Now I am a reasonably well spoken adult. Surely I could sort out how to tactfully and respectfully to explain to this women why her view was mistaken. I have a strong sense of justice and what’s right. So that’s what I did.

Except it’s not.

After a glimmer of recognition of who Forrest was in my mind I mumbled uncomfortably and said nothing. A few minutes later the conversation was over. Now there’s a lot of reasons I could use to excuse to explain my lack of action. I’m a shy introvert who does not love confrontation with people I know well, let alone people I just met. But those excuses would be just a smokescreen. I did not speak up that morning because of of my privilege.

In a great number of ways, my life is a textbook example of white privilege. I won’t go into all of the ways here but my point is this. I have NEVER spoken up much about current issues of race or racism in the past few years, either in conversation or on social media. It has felt too contentious and I have felt like taking sides would be too difficult. But mostly I haven’t spoken about these things because I haven’t had to.

My privilege insulates me from feeling strongly about these issues. It’s incredibly difficult for me to admit this but it’s true. I have opinions or thoughts about events of the past years but it does not feel near to me. Our society insures that it rarely will. Those who have lost family members or feel the reality of racism daily enjoy no such luxury.

I sincerely regret not speaking up that morning to the woman. I suspect that she was a perfectly nice and professional teacher during her career. But she harbors attitudes that allow protests like this past weekend to occur in Charlottesville. This does not mean we demonize each other. It does mean we recognize racist attitudes when we hear them and see them and call them out. I am a nerdy, WASPy, teacher with glasses. I won’t always get everything right. But I will commit to writing more and when I see racism I will do my best to speak up.

Moving

Many young people are now taking a gap year between high school and college.  A year to travel, work, do something worthwhile, or just take a breath before they decide what they want to pursue next. I took a gap year as well except mine came after college and stretched into 3 years being overseas and at home. After college I flirted with being a missionary because that was the only career I saw myself trying at that time. I was an intern for a year with a missions organization in South Africa and then followed that up with a year teaching English in the Czech Republic. Yes I know those are wildly different and yes I’ll be happy to explain why I went there if you ask dear reader.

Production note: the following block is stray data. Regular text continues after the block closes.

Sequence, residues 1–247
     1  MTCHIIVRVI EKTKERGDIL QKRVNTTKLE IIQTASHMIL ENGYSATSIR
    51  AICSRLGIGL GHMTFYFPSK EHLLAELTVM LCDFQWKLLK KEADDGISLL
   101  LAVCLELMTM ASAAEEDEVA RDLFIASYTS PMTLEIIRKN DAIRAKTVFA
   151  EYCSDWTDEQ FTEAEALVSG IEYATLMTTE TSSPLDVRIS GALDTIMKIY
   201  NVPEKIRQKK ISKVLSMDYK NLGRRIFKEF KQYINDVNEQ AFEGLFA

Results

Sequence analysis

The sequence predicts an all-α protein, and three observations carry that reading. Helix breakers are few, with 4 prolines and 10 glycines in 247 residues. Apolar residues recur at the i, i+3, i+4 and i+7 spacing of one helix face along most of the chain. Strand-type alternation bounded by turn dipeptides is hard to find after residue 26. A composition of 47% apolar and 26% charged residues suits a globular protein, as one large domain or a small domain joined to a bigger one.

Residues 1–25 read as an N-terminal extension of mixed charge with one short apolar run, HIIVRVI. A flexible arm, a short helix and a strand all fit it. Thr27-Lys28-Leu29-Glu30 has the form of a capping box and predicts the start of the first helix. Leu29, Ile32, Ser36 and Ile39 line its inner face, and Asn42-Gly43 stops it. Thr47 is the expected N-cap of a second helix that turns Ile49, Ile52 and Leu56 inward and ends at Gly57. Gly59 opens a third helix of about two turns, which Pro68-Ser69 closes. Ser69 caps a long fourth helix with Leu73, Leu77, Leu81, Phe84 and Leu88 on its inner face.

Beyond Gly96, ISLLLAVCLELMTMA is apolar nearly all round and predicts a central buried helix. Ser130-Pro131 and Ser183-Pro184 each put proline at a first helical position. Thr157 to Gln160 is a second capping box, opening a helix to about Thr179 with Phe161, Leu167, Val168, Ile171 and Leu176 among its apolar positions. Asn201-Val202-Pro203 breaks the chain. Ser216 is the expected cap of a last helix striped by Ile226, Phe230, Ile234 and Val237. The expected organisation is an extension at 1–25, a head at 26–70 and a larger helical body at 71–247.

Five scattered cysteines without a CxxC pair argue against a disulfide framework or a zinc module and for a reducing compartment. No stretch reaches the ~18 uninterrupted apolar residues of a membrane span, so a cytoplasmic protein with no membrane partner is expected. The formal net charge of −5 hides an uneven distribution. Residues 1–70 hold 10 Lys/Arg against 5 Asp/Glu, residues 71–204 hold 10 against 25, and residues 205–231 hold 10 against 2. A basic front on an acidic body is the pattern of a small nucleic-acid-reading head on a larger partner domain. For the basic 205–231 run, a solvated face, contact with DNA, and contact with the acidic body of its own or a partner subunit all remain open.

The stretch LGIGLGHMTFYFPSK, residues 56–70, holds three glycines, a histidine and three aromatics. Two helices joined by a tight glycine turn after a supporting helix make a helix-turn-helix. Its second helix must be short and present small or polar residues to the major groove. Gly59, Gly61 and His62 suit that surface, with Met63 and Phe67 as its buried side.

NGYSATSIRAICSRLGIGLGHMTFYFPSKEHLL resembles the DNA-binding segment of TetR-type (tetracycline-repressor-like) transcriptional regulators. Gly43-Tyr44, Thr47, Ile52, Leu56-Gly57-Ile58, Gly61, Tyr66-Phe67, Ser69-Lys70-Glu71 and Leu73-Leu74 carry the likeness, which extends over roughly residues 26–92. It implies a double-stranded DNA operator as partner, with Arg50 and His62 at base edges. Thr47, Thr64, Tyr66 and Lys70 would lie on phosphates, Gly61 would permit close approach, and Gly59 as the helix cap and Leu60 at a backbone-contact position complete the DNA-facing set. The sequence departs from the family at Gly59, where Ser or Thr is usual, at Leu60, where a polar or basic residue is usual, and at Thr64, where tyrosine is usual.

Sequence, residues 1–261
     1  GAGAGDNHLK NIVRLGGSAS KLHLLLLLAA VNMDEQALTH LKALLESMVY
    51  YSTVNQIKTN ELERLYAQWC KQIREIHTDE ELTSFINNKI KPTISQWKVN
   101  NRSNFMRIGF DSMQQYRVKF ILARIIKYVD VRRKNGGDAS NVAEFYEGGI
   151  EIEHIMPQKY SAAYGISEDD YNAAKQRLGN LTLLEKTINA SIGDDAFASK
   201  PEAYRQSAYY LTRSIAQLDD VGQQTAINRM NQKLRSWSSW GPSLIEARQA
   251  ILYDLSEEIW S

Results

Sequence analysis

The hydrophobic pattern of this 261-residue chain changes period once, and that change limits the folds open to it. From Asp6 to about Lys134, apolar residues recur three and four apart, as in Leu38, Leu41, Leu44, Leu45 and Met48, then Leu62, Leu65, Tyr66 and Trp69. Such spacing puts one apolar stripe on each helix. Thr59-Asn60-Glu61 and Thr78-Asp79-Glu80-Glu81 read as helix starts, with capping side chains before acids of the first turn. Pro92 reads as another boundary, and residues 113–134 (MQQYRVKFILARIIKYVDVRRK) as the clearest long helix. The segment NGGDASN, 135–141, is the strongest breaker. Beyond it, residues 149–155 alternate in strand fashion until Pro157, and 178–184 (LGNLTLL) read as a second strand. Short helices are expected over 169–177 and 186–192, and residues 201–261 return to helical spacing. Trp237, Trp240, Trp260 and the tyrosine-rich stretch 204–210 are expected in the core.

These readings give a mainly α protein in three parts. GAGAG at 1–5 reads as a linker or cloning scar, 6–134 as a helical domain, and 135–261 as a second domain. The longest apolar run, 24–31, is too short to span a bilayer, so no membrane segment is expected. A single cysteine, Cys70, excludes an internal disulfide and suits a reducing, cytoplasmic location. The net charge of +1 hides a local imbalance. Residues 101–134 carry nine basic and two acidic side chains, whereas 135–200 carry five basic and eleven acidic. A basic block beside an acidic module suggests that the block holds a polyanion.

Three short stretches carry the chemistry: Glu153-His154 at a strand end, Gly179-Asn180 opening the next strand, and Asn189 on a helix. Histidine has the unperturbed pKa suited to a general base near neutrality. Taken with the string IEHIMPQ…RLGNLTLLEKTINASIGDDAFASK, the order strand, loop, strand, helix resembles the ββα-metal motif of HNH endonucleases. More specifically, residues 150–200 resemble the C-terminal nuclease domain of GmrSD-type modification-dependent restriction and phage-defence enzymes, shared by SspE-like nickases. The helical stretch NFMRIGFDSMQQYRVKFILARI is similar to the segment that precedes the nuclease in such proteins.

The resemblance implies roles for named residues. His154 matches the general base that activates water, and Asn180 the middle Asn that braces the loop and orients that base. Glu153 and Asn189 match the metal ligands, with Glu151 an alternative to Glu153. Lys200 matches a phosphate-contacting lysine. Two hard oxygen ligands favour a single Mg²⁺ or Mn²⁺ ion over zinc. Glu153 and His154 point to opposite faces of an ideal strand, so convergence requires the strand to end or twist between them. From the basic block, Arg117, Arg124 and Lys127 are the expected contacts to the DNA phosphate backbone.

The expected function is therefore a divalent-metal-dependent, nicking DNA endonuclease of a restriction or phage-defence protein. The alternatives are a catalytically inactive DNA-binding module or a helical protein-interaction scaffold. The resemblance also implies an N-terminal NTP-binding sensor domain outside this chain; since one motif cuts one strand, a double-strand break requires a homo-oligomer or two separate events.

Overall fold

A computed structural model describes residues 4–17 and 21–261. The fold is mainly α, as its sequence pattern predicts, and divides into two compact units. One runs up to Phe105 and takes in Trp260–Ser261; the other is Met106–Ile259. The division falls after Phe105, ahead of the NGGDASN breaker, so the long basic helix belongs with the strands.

Ultimately I decided to return home and get my teaching degree and license but I bring up those experiences to say I was basically constrained in having stuff those two years to what I could take onto a plane: two checked bags, a backpack, and my laptop. Of course I acquired goods overseas and even brought some home with me. What I remember at the end of those two years however was packing up my stuff, cleaning, sorting, and dumping things I no longer needed. I enjoyed that process and it was not that difficult.

And then I came back home. To America. And got married.

I’ve moved 3 times since I got married. First from my parents house to my wife’s apartment, second from that apartment to a new apartment, and mostly recently from that apartment to our new house. The first move was not that bad. Our first apartment was already furnished and she had being living there almost a year. I brought my clothes and a few other things and that was that.

The second move was…rough. We had to move it all in one day and that meant getting everything in boxes and ready to go beforehand. I confess to being a little clueless about how to pack up the entirety of a small apartment. My wife did the lion share of the packing and was amazing but on the day of it was just rough. Our new apartment was on the third floor which meant getting things up two flights of stairs. We had furniture at our parents houses which necessitated trips to both those places on the day. Our box-spring did not fit upstairs which meant we spent our first night on an air mattress surrounded by boxes. Did I mention we both dislike change? It was an overwhelming and exhausting experience.

Less than three years later I was quietly dreading another move this time with more furniture, more stuff, and more reasons to feel angsty about the whole process.

The process is not quite complete but as I sit typing this in my new dining room I can say this move has been pretty amazing. Not perfect or without stress but it has gone really well. There’s a number of reasons for that. First we have been able to spread it out over two weeks because we still have our apartment till the end of the month. Annoying but ultimately helpful. This allowed us to bring stuff to the house by car for a week before doing one final big push this past Saturday to get our furniture and other remaining items. It also allowed us to clean and paint a bit before getting all our stuff in as well.

The other big reason was all the help we had. We had friends just kill it this past Saturday with packing, unpacking, and organizing our stuff. New church friends, old church friends, no church friends, and family all combined to make our move relatively quick and simple. It’s hard to express how good this move was compared to our last one. And it’s hard to express how grateful we are to all the people in our lives who gave up hours and days to help us start here well.

So cups up to friends and family! I think I need to go paint something.